There are wildly conflicting reports from various outlets about how many people are believed to have been killed on the island. Here's how Norway's NRK is summing up that part of the story: "The police described the situation as chaotic, and can not yet determine with certainty how many people have died."
Update at 3:20 p.m. ET. Bogus Claim Of Responsibility?
CNA research analyst Will McCants earlier this afternoon pointed to a claim of responsibility for the Oslo attack, posted on "jihadi forum" forum, from a group calling itself Helpers of the Global Jihad. Soon after McCants' original post, he tweeted that " 'Helpers of Global Jihad' now says its claim is not the official claim and it had nothing to do w/ operation. Says wait for official claim." And the first "claim" has been erased, according to McCants. So it's unclear whether it ever had anything to do with today's attacks.
"It is now clear that there is a connection between the explosions in the city center" and the shootings at a youth camp on the nearby island of Utoya, police tell Norway's NRK news.
Update at 2 p.m. ET. Death Toll Rises To Seven In Oslo:
According to Norway's NRK news, "seven people are confirmed dead" from the blast (or blasts, it's still not clear if there was more than one) in Oslo.
Update at 1:15 p.m. ET. Arrest Reported In Shooting:
Bjorn Erik Jacobsen, head of information for the police in Northern Buskerud, tells Norway's NRK news that an individual has been arrested in connection with the reported shooting at a youth camp near Oslo. There's still no definite link between that incident and what happened in the city. There's also no official word on the casualties at the camp.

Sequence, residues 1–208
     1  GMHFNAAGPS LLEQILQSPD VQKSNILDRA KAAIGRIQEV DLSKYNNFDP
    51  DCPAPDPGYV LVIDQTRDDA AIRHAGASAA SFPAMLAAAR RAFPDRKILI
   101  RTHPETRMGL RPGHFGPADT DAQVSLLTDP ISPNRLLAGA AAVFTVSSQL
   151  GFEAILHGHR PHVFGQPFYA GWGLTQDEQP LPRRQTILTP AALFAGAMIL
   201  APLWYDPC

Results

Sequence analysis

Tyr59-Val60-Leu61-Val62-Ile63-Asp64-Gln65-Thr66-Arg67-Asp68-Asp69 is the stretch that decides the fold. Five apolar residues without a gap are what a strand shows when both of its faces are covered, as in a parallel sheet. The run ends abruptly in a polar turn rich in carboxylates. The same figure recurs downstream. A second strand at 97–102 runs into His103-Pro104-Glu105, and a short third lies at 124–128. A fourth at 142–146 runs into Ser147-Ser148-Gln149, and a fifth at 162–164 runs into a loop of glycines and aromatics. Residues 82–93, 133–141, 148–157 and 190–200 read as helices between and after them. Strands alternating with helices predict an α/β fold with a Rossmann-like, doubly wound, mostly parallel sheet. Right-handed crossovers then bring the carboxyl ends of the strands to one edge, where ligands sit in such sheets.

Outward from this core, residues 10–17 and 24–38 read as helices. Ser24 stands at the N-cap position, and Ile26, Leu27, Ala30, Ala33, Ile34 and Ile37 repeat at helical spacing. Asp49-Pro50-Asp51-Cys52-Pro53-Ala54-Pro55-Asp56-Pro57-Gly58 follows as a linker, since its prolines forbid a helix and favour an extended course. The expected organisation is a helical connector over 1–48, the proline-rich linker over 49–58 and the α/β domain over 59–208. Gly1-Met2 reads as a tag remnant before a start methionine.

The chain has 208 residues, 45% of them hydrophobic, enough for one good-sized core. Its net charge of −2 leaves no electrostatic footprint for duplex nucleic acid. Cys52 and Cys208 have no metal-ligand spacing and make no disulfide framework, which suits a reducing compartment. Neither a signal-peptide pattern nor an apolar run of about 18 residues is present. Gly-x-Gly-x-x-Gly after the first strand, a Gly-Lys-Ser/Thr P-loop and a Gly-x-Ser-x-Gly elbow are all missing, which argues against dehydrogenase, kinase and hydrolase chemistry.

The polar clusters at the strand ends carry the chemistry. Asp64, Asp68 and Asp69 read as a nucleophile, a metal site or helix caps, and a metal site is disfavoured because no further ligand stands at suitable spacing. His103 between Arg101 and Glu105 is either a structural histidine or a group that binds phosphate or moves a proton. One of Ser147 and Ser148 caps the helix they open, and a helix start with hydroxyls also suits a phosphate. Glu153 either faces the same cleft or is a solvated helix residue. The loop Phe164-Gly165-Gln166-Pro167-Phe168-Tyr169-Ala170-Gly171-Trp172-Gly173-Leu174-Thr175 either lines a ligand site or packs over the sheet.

Update at 12:55 p.m. ET. On What's Happening On An Island Near Oslo:
The Associated Press just moved this alert: "Norway Labor Party spokesman tells AP several people shot at youth camp outside Oslo,"
Norway's NRK news says that terrified campers are texting and tweeting that they are hiding. There are also reports of some trying to swim to safety.
It's important to remember that at this point, much is not known about what's happening in Norway — for instance, whether the explosion (or explosions) in Oslo are related to the reported attack on the youth camp.
Update at 12:34 p.m. ET. Report Of Shots Fired At Youth Gathering:
There's more on the other situation — which may not be related to the explosions. Norway's NRK news reports that "a person dressed as a police officer" reportedly fired shots at young people attending a Labor Party Youth League camp on the island of Utoya in a fjord about 45 minutes from Oslo.
Update at 12:17 p.m. ET. At Least Two Fatalities; "One Or More" Bombs: